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Iron Man: Legacy #1 Review

Iron Man's 2nd ongoing series launched this week, but does it reach the character's recent high standards?

Comic Review Cover

Credits & Solicit Info:


Iron Man: Legacy #1
'War Of The Iron Men Part One'
Written By Fred Van Lente
Artwork By Steve Kurth, Allen Martinez, Victor Olazaba and John Rauch
Marvel Comics
$3.99

The Armored Avenger's second on-going series kicks off with a bang as the WAR OF THE IRON MEN begins here! Tony Stark's worst fears are realized when stolen Iron Man technology is used for ethnic cleansing in a civil war-ravaged land. When he defies U.S. government orders to confront the armored assassins himself, Stark sets off an international conflagration that threatens his friends, his company, and his very life -- and sets him on a collision course with China and Russia, and their champions, Radioactive Man, Titanium Man and the Crimson Dynamo! Guest-stars galore! And a shocking last page reveal of the classic Shell-head villain behind it all you won't want to miss!




Review:


Iron Man is a pretty big deal these days, the popularity of his Movie and his increased profile since Civil War in the Marvel Universe have elevated him to the level of your Spider-Mans and Wolverines, actual human people who aren't nerds know who he is, which is why Marvel have launched a second ongoing series for the cool exec with a heart of steel, it seems our appetite for all things Shellhead is insatiable, and just one series is not enough!

Crucially, this series is serving as a good entry point for new readers (coming in off the back of Iron Man 2 I presume), as while Matt Fraction and Salvador Larroca's Invincible Iron Man series shares much of the movie's tone, it may be a little too Marvel Universe heavy for some people, with Dark Reigns and Disassembleds and Sieges up in your face, Legacy, by dint of being set a few years in the Marvel Universe past, manages to have it's cake and eat it too, it's firmly in the MU (There are guest appearances from Nick Fury, War Machine and Jessica Jones in this issue) but is able to stand alone and not be bogged down by what's going on not only in the other Iron Man book, but in the wider universe.

For the continuity minded among you, I would probably place this issue around the Kurt Busiek/Sean Chen run on Iron Man, maybe a bit later. But I am basing this solely on how Iron Man's word balloons are lettered. I don't think it matters, but it is odd to see an Iron Man who's identity is a secret again.

The story of this issue is nothing we haven't seen before, a bunch of bad guys have stolen some Iron Man tech and are going around doing bad things, but Fred Van Lente manages to put a fresh spin on it, by having it take place in a war-torn Balkan country (Transia, a fake country, which I believe is most famous for Mount Wundagore, with all those talking animals, as well as being the birthplace of Spider-Woman, Quicksilver and the Scarlet Witch), and having Iron Man's arms be tied by diplomacy, if Tony goes in to try and sort this out, he could re-ignite the Cold War. Which would be bad. The use of politics reminded me of one of my favourite Iron Man runs, the Knauf series, which had Tony as Director Of S.H.I.E.L.D., I think Iron Man suits the political thriller genre, and it's something that Fraction's run has eschewed.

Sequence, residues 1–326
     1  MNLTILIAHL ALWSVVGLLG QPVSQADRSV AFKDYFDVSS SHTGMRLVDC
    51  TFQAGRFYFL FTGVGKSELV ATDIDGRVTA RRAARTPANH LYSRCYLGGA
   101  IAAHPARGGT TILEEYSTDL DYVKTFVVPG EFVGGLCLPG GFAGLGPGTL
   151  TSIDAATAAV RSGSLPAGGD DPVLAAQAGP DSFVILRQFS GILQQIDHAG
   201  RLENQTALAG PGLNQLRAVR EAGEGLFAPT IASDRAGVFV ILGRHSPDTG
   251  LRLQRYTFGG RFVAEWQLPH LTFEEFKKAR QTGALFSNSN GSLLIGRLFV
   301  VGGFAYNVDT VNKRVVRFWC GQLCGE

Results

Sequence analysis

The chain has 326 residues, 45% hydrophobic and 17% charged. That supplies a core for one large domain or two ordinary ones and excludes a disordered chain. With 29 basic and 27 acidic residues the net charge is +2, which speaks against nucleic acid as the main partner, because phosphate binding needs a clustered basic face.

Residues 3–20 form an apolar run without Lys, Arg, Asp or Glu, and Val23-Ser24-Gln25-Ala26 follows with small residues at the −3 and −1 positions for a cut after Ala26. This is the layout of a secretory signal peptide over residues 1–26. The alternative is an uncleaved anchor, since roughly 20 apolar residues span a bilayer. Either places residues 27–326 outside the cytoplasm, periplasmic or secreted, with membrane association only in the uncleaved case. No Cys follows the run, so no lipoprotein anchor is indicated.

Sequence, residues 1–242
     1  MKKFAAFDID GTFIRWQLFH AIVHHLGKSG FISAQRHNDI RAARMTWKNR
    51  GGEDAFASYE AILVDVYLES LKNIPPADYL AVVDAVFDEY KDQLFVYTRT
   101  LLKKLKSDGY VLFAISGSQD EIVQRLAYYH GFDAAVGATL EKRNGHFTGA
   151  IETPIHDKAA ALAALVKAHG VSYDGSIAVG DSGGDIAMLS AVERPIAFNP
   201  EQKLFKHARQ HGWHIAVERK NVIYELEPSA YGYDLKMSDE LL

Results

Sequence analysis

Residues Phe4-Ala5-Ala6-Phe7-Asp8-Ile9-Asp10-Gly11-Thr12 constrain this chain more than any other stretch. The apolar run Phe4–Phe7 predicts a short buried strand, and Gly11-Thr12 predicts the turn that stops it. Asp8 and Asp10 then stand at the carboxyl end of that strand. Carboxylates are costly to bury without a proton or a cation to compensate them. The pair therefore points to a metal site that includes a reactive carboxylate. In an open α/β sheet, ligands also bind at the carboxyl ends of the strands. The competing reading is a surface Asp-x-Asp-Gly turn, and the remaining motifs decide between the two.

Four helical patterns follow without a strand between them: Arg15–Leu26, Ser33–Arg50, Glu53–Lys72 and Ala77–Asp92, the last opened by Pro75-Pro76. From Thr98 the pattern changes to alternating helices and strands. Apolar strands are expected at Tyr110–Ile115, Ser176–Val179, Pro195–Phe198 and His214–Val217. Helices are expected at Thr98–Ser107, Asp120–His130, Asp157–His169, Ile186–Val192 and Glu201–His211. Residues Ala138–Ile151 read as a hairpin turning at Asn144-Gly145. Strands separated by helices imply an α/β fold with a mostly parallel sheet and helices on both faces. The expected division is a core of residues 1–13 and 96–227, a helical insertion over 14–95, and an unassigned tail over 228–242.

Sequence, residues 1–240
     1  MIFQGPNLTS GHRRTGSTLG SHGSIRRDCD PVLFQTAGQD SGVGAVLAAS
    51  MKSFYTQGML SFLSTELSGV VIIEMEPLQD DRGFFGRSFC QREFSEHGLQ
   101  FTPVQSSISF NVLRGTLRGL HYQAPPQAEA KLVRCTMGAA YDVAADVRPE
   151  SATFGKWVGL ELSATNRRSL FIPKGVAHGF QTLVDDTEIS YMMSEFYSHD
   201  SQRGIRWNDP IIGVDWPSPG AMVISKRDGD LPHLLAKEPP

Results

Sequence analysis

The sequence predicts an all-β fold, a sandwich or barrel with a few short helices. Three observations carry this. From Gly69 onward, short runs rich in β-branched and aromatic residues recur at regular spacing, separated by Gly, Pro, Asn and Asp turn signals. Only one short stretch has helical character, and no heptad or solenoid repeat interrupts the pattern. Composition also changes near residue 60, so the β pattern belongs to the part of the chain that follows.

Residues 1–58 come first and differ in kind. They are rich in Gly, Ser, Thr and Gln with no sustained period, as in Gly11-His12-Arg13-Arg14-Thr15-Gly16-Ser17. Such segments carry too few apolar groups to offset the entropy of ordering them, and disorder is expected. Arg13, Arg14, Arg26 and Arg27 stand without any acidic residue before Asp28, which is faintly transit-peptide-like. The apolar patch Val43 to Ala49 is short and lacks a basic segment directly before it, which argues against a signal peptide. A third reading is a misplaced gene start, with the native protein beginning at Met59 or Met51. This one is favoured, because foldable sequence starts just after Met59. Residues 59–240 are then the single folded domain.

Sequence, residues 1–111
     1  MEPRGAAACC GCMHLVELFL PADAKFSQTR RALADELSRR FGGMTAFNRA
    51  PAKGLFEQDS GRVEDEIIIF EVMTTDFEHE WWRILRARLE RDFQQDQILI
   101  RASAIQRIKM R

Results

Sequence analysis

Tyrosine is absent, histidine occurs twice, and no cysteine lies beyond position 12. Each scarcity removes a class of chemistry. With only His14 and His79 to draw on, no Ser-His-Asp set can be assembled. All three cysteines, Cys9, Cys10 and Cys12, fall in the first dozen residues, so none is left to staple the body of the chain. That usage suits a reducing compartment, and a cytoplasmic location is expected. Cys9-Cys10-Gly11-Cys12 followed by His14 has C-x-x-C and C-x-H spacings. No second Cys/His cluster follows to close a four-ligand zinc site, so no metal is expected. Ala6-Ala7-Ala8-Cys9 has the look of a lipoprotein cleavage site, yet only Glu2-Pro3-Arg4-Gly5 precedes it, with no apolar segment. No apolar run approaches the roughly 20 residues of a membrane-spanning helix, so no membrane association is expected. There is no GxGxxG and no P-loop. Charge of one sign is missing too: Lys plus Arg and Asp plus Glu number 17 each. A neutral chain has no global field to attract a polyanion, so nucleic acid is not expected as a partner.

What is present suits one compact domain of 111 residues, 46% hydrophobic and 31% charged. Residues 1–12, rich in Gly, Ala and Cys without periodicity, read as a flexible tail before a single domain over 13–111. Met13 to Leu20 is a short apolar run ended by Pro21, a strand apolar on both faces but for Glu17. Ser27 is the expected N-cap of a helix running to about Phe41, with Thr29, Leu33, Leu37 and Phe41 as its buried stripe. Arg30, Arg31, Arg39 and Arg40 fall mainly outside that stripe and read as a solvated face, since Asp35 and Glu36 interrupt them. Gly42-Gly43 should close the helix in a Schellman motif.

Of course, Tony ignores diplomacy and heads into Transia, all guns ablazing, which is what you'd expect, but from the last page, it seems that things are not as simple as they seem, as a certain villain who, while not strictly an Iron Man villain, but one with whom Tony has history with, is revealed to be behind the evil Iron Men.

On top of that intrigue, Fred Van Lente also finds time for some quieter character stuff, we see Tony as a child, we see him struggle with his identity as an arms dealer, and we see him humanised. Van Lente has become one of my favourite writers at Marvel recently, thanks to his work with Greg Pak on Hercules, and as one of the Spider-Man Web-Heads, and it's good to see him get a big oppurtunity to go it alone on such a high profile character. He works well with Steve Kurth too, who is no stranger to Iron Man, having done some issues of Iron Man: Director Of S.H.I.E.L.D. and just recently Ultimate Comics Iron Wars, Kurth is a great fit for the character. His line-work is strong, and while it's a more traditional take than Larroca's, it brings to my mind the work of Gene Colan, perhaps the best ever Iron Man artist. I hope Kurth sticks around beyond this arc, and draws Tony's adventures whichever time-period.

Some people may be questioning whether we really need two Iron Man comics, but on the strenth of this issue, I feel that Van Lente has done enough to distinguish this from Fraction's book, by virtue of being set in the past, it's able to appeal to new readers, but also work in the wider MU, and manages to put a new spin on a hoary Iron Man cliche. And with that last page reveal, I'm sure fans will want to see how arc ends up. If you're a fan of Iron Man, you need to get this, if you're not a fan of the comics, but like the movies, you should get this. It may not be the greatest Iron Man story ever told, but it's a great introduction to the character.

Oh yeah, this issue also comes with a reprint of Iron Man's first ever appearance from Tales Of Suspense #39, it's a story I've read before, but it does it's job for new readers, and the new colouring makes Don Heck's art look as it good as it ever has.



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